If only there were a magic list that defined whether a symptom meant either pregnant or not, during the agonizing two week wait between your attempt to conceive and your period.
Unfortunately, many of the telltale early pregnancy symptoms can also just be associated with the confusing female anatomy and the potentially approaching period.
Put away the magnifying glass!
From personal experience, the best advice I can give would be not to symptom spot – don’t spend the whole two weeks googling every little bodily change.
In fact do the opposite, occupy your mind with hobbies, sports, crafts, trips – anything you can to stop yourself from going crazy wondering.
Your body WILL trick you.
I will warn that my own body which was like clockwork before trying to conceive, came up with some pretty whacky symptoms that made me believe I was pregnant when I wasn’t .
Twice my period was a week late, I had a maddening twitch under one eye for 2 weeks, and several times I had some of the below symptoms that I didn’t usually get, but it turned out to be nothing.
The big list of symptoms to look out for.
Here is a list of symptoms that CAN mean early pregnancy. These may appear during the two weeks between doing the deed and whenever your period normally shows her face.
I say that they CAN with a huge pinch of salt, because they could also be regular symptoms associated with ovulation and menstruation:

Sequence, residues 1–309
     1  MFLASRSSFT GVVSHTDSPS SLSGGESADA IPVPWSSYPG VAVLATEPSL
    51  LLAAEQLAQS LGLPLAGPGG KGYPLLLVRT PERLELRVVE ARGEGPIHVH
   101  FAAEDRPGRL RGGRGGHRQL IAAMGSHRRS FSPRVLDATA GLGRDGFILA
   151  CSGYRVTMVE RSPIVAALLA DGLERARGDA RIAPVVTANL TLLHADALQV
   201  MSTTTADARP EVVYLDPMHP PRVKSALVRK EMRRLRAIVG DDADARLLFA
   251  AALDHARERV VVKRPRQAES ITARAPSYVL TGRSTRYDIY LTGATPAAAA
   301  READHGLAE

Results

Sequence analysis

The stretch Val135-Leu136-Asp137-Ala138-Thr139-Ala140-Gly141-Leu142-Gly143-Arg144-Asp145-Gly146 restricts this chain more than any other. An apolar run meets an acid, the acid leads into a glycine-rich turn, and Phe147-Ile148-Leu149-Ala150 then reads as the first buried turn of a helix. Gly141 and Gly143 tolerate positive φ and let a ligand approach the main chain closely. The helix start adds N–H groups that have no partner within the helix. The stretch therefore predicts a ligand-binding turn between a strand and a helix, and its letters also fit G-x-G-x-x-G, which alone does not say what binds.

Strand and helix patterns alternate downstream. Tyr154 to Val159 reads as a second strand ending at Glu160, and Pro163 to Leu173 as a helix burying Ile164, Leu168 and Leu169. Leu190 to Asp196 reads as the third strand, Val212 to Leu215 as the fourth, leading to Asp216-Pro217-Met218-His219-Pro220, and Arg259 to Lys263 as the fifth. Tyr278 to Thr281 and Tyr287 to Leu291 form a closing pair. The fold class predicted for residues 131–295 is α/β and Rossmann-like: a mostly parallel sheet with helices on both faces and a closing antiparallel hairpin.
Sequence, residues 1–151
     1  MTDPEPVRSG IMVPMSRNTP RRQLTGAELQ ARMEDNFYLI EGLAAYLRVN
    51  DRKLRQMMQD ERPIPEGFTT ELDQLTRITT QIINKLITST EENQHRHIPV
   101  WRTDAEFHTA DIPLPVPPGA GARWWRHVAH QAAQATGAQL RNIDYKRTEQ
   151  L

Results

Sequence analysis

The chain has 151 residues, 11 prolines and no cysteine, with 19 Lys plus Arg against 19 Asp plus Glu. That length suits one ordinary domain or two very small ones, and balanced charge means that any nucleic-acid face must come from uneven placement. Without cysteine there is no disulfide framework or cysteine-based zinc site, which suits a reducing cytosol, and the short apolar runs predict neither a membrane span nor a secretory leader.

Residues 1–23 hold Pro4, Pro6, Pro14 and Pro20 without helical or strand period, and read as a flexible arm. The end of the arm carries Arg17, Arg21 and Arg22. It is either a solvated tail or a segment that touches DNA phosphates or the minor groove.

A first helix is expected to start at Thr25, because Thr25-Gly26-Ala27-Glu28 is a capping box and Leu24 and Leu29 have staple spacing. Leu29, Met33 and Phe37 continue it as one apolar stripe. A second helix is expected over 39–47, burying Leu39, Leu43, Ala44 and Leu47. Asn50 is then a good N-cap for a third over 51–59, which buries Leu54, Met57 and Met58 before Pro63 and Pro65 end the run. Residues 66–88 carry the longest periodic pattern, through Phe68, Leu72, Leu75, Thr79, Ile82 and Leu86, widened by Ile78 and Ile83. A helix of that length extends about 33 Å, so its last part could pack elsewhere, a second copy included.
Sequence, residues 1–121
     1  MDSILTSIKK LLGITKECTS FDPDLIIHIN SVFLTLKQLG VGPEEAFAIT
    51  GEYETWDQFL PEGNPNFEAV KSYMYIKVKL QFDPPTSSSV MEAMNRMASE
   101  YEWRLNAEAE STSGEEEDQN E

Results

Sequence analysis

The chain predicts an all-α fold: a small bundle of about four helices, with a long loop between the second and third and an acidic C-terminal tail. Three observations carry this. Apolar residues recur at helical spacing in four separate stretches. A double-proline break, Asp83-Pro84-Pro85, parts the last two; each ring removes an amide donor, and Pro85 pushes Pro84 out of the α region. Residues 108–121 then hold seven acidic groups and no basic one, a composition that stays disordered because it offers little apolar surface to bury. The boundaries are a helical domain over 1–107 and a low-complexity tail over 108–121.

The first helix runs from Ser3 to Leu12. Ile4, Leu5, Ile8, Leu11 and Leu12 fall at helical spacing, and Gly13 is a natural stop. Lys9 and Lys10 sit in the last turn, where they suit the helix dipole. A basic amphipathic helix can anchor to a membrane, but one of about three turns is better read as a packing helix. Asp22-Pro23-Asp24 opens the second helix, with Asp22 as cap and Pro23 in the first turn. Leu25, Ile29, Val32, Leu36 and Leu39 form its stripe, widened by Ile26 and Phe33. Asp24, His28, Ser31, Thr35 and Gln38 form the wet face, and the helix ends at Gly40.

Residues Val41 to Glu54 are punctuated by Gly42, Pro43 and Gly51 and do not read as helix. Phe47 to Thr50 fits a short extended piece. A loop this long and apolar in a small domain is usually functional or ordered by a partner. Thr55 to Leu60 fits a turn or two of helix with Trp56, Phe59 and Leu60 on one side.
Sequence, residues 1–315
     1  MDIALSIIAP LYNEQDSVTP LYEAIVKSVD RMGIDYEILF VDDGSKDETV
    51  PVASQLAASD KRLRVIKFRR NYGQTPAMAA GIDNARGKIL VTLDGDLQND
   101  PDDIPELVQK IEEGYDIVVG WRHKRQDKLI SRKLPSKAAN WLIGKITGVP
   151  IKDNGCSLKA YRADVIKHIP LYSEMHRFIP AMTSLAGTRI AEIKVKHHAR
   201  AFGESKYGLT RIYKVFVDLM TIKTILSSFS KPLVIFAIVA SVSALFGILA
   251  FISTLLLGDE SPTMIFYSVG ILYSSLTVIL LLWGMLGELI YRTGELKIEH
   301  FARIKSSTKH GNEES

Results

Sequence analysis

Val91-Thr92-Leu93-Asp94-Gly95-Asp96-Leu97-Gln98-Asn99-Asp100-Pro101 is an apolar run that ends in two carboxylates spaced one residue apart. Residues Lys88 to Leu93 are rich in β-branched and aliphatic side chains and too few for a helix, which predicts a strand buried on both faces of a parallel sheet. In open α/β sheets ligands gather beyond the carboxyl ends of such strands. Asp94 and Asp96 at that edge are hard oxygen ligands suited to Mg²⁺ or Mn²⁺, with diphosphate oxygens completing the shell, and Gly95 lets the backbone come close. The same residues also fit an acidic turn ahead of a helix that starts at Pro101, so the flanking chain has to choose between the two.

- Sore boobs – your boobs might feel heavy, tender, sore, or your nipples might look different. The areolas (areas around your nipples) might look larger and darker.
- Nausea – the increase in hormones can make you feel sick.
- Fatigue – your body is concentrating all of its energy on the newly growing ball of cells so you might feel tired when you normally wouldn’t.
- Mood swings – as with your menstrual cycle you could find yourself on an emotional rollercoaster.
- Dizziness – this can happen due to changes in blood pressure. Growing a new human requires a larger supply of blood and diverts some of your supply to the fetus.
- Shortness of breath – as with the dizziness the diversion of your blood to the fetus can cause less oxygen for your own body.
- Higher Temperature – elevated basal body temperature is something all serious ovulation trackers use as a guide to when they are about to ovulate and should do the deed.
- Cramping – an important one to watch around the day of ovulation, as the ball of cells produced by the fertilised egg tries to burrow into the wall of your uterus.
- Bloating – like with a period you can feel tight, gassy, and bloated due to the physical changes in your lower abdominal area.
- Backache – you could notice some aching in the lower back as the womb starts to gear up for some major growth.
- Constipation – this can happen due to a surge in the hormone progesterone coming from other areas of the body to aid with preparations for baby. One area the hormone comes from is the intestine meaning there is less movement of waste along to the bowels.
- Implantation Bleeding – when the cells burrow into the wall of the womb a small amount of spotting can occur, usually brown by the time you see it.
- Headaches – again thanks to the increase in hormones and the changes to your blood pressure and supply – the smaller vessels around your head and sinuses are under more strain.
- Heartburn – remember the diversion of progesterone from other places to your baby making centre? Another is the sphincter muscle at the top of your stomach that stops acid from escaping up into your throat. The muscle works less and you might start feeling reflux.